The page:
HTreating grapevinesCredit: Photo by Jane Gates
Even in sunny, dry climates mildew – that white powdery bloom that dulls the look of healthy clusters of home-grown grapes – is a common problem. Wet winters or late rains can intensify the problem. Grapes are easily grown and excellent choices for covering chain link or other unattractive fencing. Although grape vines look decorative clambering over patio covers the sweet flowers and sugary fruit will attract ants that will consider it an invitation to continue on into the interior of your home. Only grow them on structures that are detached from your home like a ramada or pergola. Good air flow will help to discourage mildew. Although the white bloom on fruit is not harmful to eat, it does ruin the look of grapes and a severe case of this fungal infection can kill off leaves and damage plants.
There are fungicides that can be sprayed, but since you are growing your grapes to be eaten, treating them organically is the best choice. The simplest prevention is to plant mildew-resistant grape plants. American varieties are less likely to fall victim to mildew. The European grape varieties are much more vulnerable.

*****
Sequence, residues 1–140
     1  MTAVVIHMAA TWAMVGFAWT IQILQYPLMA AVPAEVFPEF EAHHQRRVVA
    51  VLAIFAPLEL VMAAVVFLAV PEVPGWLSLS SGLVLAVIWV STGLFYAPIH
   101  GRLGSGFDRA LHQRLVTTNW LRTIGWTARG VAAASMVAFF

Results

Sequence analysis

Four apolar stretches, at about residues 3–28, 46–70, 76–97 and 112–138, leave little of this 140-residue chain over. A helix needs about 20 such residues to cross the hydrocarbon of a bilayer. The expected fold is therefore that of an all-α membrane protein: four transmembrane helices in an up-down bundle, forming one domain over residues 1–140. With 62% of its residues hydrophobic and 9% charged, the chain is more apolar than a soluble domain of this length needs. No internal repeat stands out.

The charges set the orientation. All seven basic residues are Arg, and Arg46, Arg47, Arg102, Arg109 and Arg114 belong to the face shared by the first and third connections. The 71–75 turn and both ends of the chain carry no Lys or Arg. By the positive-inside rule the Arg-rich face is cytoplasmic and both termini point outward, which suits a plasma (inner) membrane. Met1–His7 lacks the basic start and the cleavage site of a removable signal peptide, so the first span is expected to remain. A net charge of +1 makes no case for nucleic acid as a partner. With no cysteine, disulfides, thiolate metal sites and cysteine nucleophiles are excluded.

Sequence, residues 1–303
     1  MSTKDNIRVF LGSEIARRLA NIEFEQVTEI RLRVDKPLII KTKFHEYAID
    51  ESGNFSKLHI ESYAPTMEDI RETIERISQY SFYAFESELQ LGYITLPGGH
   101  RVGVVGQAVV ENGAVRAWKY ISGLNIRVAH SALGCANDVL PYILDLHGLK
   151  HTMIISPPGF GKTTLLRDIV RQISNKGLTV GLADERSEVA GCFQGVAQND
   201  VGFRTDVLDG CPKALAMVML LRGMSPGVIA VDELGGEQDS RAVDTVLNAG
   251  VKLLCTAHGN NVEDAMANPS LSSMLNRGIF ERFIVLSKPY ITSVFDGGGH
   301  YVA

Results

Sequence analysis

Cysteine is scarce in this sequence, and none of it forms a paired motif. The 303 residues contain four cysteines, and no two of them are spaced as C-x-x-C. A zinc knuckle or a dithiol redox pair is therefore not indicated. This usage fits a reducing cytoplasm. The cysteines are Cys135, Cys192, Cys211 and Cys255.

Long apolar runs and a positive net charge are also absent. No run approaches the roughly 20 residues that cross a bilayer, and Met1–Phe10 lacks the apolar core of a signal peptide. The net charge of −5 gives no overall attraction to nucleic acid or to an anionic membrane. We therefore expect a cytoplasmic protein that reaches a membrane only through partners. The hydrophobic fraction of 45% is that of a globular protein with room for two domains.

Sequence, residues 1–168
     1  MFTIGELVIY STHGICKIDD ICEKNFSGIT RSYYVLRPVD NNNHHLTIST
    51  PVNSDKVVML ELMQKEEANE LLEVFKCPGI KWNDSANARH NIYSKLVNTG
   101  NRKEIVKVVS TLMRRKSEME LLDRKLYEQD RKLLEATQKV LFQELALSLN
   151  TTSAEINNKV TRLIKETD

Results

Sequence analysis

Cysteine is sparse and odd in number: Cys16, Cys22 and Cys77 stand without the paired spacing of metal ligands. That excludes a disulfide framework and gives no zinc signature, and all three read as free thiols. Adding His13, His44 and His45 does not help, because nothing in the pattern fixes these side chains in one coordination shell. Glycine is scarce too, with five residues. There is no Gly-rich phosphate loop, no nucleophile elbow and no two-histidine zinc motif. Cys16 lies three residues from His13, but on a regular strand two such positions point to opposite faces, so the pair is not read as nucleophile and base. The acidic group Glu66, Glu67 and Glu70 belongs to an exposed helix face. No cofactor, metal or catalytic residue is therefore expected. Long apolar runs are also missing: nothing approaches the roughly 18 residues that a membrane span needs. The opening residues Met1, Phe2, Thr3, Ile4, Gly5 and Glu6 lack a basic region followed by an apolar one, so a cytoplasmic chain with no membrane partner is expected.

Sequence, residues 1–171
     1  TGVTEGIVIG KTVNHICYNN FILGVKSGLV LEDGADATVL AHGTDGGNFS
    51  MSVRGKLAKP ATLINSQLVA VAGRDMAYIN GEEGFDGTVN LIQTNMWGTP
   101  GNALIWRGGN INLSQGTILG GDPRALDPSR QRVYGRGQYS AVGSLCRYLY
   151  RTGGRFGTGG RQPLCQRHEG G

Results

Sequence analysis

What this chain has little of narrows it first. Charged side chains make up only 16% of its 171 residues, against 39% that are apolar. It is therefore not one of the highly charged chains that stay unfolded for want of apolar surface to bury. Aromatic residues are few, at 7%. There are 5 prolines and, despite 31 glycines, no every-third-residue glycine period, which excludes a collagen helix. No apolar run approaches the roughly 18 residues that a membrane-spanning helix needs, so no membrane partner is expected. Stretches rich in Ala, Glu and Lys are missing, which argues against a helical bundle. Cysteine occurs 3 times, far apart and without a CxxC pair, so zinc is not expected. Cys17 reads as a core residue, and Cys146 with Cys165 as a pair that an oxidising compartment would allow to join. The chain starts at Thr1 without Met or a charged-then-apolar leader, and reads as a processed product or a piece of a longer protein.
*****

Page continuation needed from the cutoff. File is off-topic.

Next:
If you already have or prefer the European varieties, you can keep mildew from starting by dusting your plants with sulfur powder early in the season as the grape clusters just begin to form. Sulfur is an old remedy that is now coming back into fashion as people are becoming more discerning in the treatments used on edible plants.
Sulfur should be used on a day that isn’t windy and make sure you wear both eye glasses and gloves for protection. Sulfur dust isn’t toxic but it is very irritating and wearing a mask is also advised to protect from breathing in the irritating particles. I once forgot the glasses and my eyes stung and teared for hours.
There are a number of commercial fungicides available in garden centers. These will also work. But if you want to grow organic grapes – and if you're growing your own, why not make them as healthy as possible? – using sulfur is a good choice.
Grow healthy, handsome grapes as both productive and attractive additions to your landscape structures, fences or walls. Expect to do some regular pruning to keep the plants controlled. Use these tips to avoid damage from mildew fungus. Then you can have a great plant for design purposes and delicious, healthy fruit enough for your family, friends and even some for your neighbors.